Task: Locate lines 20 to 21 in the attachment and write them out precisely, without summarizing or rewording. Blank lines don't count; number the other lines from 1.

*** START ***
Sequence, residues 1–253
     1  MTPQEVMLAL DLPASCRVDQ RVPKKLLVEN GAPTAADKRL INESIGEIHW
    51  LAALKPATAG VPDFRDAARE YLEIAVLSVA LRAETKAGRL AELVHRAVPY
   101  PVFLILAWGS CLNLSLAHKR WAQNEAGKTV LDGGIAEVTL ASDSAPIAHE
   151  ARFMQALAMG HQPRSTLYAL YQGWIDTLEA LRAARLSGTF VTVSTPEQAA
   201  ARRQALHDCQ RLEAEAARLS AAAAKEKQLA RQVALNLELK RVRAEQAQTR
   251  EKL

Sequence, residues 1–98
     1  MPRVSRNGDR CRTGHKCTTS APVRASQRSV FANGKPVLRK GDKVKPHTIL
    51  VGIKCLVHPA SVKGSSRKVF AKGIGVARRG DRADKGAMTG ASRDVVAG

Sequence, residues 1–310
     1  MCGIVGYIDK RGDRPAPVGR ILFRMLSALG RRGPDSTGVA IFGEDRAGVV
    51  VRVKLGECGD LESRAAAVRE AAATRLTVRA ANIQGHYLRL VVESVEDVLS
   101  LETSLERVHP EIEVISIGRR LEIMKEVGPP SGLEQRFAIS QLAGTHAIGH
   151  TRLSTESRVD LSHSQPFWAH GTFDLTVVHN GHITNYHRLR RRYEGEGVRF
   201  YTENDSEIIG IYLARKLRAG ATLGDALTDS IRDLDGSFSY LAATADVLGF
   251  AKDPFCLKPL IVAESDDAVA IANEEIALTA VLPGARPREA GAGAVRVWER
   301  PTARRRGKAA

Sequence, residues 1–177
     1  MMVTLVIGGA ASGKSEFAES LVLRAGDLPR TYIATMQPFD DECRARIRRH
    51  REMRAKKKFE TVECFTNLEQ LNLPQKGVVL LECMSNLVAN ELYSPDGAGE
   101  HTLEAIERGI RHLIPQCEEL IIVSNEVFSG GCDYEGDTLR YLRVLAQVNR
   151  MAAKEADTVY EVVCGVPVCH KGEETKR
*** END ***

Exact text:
     1  MMVTLVIGGA ASGKSEFAES LVLRAGDLPR TYIATMQPFD DECRARIRRH
    51  REMRAKKKFE TVECFTNLEQ LNLPQKGVVL LECMSNLVAN ELYSPDGAGE